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Rediff.com  » Movies » Devaru Kotta Thangi is a rehash of many films

Devaru Kotta Thangi is a rehash of many films

November 13, 2009 14:17 IST

OM Sai Prakash's Kannada film Devaru Kotta Thangi is nothing but a rehash of his earlier films. The only thing that is new in the story which is a Dutch fable about a small boy saving his village from impending disaster.

The essence of the Kannada folklore Keregehaara where an expectant mother sacrifices her life to save the village from being marooned has also been used in the climax sequence. .

Saigaru has specialized in making tearjerker dramas in the past and some of them are hugely successful, like Thavarige Baa Thangi and Anna Thangi. The success of these two films have made Sai Prakash to repeat the same formula in all his films!

In that way what separates Devaru Kotta Thangi from his other movies is his effective use of high voltage technology. Otherwise the film remains the same old cliched formula.

The story goes like this: Shivu, who is attached to his younger sister Lakshmi, works as a labourer in a rich man's house. Shivu loves Gowri  but is agreeable to marry her only after Lakshmi gets married.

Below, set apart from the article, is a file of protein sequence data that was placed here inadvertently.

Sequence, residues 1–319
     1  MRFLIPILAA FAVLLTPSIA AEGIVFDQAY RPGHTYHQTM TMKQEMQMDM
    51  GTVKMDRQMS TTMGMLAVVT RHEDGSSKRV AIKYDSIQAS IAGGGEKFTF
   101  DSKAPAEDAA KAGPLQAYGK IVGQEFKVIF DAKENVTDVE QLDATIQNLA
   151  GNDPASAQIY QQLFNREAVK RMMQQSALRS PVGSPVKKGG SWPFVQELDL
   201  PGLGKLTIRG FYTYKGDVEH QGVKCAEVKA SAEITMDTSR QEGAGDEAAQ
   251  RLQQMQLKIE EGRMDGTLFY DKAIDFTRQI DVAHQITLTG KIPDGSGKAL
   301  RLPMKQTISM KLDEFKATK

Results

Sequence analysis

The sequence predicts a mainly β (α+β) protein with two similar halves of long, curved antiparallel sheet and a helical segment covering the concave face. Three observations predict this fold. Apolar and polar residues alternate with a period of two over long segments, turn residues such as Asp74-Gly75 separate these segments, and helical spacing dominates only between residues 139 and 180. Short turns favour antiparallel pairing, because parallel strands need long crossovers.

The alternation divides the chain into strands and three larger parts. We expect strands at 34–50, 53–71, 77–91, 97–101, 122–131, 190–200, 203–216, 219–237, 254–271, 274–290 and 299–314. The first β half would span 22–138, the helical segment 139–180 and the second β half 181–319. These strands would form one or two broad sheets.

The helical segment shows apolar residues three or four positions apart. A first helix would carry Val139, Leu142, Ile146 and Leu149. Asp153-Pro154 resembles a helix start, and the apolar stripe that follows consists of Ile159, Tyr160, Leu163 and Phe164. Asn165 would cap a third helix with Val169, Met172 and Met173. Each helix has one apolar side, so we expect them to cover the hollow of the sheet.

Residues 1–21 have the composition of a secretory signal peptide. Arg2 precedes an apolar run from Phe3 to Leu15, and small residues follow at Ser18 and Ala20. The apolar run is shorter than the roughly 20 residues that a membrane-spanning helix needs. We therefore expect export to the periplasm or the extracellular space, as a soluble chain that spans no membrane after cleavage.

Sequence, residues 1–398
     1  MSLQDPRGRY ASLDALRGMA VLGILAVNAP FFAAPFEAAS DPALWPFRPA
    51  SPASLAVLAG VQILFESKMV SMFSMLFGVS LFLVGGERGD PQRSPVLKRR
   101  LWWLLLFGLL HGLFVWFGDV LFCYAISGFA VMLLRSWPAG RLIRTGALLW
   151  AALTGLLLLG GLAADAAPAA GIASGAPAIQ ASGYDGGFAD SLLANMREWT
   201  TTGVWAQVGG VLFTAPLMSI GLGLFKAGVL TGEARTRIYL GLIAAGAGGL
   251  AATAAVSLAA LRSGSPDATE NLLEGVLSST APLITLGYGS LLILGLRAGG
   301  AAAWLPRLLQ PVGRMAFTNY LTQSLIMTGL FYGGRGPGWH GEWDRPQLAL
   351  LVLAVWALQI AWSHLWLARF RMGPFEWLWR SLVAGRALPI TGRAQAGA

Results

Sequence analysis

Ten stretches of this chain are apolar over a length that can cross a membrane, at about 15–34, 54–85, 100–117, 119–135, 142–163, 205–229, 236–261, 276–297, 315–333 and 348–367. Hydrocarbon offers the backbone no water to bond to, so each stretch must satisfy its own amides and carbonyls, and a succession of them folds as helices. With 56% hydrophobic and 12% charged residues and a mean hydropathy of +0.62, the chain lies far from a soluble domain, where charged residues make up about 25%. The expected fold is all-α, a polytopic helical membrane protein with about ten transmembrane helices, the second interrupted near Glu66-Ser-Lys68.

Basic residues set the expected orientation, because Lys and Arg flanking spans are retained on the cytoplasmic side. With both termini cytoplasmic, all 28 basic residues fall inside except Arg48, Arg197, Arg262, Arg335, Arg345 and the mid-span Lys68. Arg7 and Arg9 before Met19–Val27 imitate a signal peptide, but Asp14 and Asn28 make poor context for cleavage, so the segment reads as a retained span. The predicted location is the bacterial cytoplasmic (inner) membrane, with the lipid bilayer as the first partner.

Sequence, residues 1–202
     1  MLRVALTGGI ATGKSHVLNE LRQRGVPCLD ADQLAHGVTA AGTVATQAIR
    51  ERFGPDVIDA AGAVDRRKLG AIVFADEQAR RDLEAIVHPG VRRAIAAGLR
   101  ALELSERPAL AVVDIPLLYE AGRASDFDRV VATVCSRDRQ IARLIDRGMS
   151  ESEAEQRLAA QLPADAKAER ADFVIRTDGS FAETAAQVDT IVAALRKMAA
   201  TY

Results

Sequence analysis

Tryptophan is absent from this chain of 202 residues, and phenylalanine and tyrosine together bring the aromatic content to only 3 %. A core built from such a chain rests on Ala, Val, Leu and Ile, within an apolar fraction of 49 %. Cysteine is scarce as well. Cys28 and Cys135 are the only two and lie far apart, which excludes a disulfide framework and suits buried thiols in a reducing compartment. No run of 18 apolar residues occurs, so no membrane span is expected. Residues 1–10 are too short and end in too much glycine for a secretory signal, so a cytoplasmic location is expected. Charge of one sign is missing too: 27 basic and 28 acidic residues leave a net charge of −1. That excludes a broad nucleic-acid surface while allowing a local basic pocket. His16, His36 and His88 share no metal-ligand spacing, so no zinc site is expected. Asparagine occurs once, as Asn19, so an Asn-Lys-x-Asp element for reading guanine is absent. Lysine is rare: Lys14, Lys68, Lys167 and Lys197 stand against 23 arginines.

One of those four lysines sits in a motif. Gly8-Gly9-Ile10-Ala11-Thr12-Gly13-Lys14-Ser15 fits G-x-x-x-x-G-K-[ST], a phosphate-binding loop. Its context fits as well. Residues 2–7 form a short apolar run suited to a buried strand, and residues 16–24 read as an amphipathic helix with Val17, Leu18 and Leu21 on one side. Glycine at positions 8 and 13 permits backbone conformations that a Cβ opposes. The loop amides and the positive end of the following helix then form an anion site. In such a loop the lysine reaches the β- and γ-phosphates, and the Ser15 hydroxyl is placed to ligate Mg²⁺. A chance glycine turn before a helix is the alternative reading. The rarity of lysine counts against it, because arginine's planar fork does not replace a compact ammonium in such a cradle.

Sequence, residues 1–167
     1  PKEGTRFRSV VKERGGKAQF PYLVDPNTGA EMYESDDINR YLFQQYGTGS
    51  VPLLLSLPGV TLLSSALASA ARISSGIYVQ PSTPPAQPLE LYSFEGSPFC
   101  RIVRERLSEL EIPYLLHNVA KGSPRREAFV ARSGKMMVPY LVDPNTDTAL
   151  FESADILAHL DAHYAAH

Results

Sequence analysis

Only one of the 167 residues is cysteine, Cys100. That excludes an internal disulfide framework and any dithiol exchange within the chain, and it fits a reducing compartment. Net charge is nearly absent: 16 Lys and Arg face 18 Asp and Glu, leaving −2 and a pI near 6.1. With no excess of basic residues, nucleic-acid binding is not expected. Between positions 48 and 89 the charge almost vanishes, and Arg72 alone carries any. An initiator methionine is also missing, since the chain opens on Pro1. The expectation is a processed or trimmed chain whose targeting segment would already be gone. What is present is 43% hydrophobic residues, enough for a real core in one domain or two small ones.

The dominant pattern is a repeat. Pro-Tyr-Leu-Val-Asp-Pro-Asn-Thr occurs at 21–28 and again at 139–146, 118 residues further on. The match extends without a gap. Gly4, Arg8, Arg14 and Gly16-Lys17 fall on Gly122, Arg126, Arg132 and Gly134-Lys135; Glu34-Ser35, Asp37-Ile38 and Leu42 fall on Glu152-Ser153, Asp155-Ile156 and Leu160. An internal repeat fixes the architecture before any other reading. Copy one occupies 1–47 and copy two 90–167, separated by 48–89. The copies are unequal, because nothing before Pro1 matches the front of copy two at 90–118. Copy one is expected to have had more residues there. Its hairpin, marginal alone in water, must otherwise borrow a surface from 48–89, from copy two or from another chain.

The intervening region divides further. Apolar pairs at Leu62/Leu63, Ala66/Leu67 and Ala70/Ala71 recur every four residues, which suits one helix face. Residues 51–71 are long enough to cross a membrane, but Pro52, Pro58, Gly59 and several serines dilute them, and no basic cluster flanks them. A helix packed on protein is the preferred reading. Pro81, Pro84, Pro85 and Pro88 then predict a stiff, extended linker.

Meanwhile, Lakshmi saves the rich man's son and gets married to him later. This marriage is much liked by the elders in the family but is resented by the sons and the daughters-in-law who then hatch a plan to discredit Shivu and his sister. They even plan to kill Lakshmi who is expecting a baby. What happens next make up the rest of the movie.

The first half of the film almost looks like a docudrama of the well known festivals like Nagarapanchami, Bheemana Amavasye and Ugadi.

Another disturbing point is Sai Prakash's efforts to propagate regressive ideas through the film like the rich man's third son ties the Mangalasoothra on Meera Jasmine without seeking her permission or that of her brother. Does Sai Prakash think that women have little choice about marriage?

The positive elements are the graphics especially the flood scene. The climax song sequence and the festivities also stand out.

Shivaraj Kumar and Meera Jasmine have shown good chemistry on screen as a loving brother and sister. Both have tried to salvage this film by their genuine performances. All the other artists have carried off their respective roles with the same elan they had showed in several previous films of Sai Prakash.

Giri's camera work is another saving grace. Hamsalekha's music and lyrics suit the mood of the film.

The movie could have been better but for the cliched formulaic story, regressive posturing and dragging narration.

Rediff Rating:

R G Vijayasarathy in Bangalore